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Plant Lady Sells Flowers With a Flourish : Liberal Doses of Motherly Love Accompany Sales

February 25, 1985|WENDY HASKETT

LEUCADIA — "Sweetheart, you must be in love," the Plant Lady said to 21-year-old construction worker John E. Berry. Berry was clutching a creeping Charlie plant. His face, under a Tom Selleck mustache, looked slightly worried. Would the creeping Charlie make a good gift for a girl he wanted to get to know better?

It was a typical Saturday afternoon in the converted motel from which Leucadia's Plant Lady--her real name is Charlotte Garrett--runs her plant-selling business. Officially, at least, it's a plant shop. Unofficially, warmed by Garrett's sunny disposition and her habit of mothering people, the place has become a local institution.

As she launched into some motherly advice to Berry--the gist being he shouldn't worry about the creeping Charlie because how could any girl not like a gift from such a nice man?--Garrett's German accent grew stronger. "Sweetheart" emerged as "Sveetheart." She waved her hands to emphasize her words. The accent, the gestures and her champagne-colored hair combine to make her, at 65, seem like a blend of a Gabor sister and sex therapist Dr. Ruth Westheimer.

"The customers come in to tell Mom their good news and their troubles," said Kathy Garrett, the Plant Lady's 25-year-old daughter, as she wrapped a spray of tuberoses for another customer. On the counter, the Garretts' snowshoe Siamese cat, Lila, curled her tail around a jelly jar for coins. The gingery smell of the tuberoses mingled with that of the roast beef the Plant Lady was cooking in the back kitchen.

"Some customers come in every week," Kathy said. "Some come in every day. This is the place where people meet. Sometimes they forget all about buying flowers and just sit around under the ferns, drinking coffee and talking."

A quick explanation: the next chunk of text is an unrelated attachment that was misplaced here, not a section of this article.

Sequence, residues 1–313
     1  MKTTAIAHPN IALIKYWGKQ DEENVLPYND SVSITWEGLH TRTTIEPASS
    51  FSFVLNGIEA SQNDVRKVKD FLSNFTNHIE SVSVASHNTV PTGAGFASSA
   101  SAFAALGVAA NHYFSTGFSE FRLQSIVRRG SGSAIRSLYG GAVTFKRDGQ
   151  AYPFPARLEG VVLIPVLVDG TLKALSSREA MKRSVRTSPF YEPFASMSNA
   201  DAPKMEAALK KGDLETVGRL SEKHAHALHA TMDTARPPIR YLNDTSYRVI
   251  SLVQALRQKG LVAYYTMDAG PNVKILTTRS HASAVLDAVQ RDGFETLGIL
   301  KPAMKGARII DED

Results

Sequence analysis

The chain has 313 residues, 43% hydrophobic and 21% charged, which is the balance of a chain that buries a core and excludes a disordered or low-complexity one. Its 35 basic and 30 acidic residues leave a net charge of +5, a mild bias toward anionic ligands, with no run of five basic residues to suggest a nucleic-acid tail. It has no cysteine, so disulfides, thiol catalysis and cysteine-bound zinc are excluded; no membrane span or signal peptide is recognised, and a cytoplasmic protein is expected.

The Plant Lady, before she was a plant lady, worked as a checker in a supermarket. She began her business in 1979 while Kathy was in Scripps Memorial Hospital-Encinitas after being attacked by a dog. It was, she remembered, a bleak month. "I was out of work. Kathy was temporarily paralyzed. I didn't even know how I was going to pay that month's rent."

One Sunday morning she was slumped in a chair, watching TV and feeling despondent, when the Rev. Terry Cole-Whittaker came on.

"It was strange--she seemed to be talking right to me. She said, 'Now look at you--sitting in that chair feeling sorry for yourself. Get up! Do what you really want to do.' "

What she really wanted to do, Garrett decided, was sell flowers to people. She had always loved flowers. And people. There was, however, the basic problem of not having any money.

"I knew that Kathy--who had been selling plants by the side of the road from her Volkswagen camper--had a wholesale license. I thought I could make a start by looking for it."

While she was rummaging through a desk drawer, Garrett found $69 tucked inside some papers. "I rushed down to a local grower and bought flowers and a few plants," she remembers. Unaware at the time that she also needed a vendor's license, she set up business, selling from Kathy's camper by the side of Old Highway 101.

Instant Success

Right from that first day, The Plant Lady was a success. The profit she made from the first day went into flowers and plants for the next. The business grew . . . and grew. Many of the original customers who bought from her by the roadside are still with her.

"I come down here for Charlotte as much as I do for the plants," said Joan Keetch, who drives over from Carlsbad about once a week.

Dr. Michael Gurdin, who was one of her first customers, joked that his wife, Marlene, has purchased so many plants from Garrett over the years that their home looks like "a gangster's funeral."

Garrett was born Charlotte Kind in Raugune, a small town that has become part of East Germany. Married at 17, she was widowed during World War II when her husband, a German soldier, was shot in France. While her mother watched her two little boys, Dieter and Lutz, Garrett drove an ambulance for the Red Cross and worked for the Allied Occupation Forces in Berlin. It was in Berlin that she met her second husband, Howard Garrett, a U.S. Army sergeant.

He brought her to America in 1947, to West Virginia. A snapshot on the wall of her shop shows her a year later--too thin, pretty but tired-looking--standing with her hands on the shoulders of Dieter and Lutz, soon after she managed to get them out of Germany. Her marriage didn't work out but gave her two more children, Kathy and her older brother, Mike. Garrett moved to California with Kathy in 1978.

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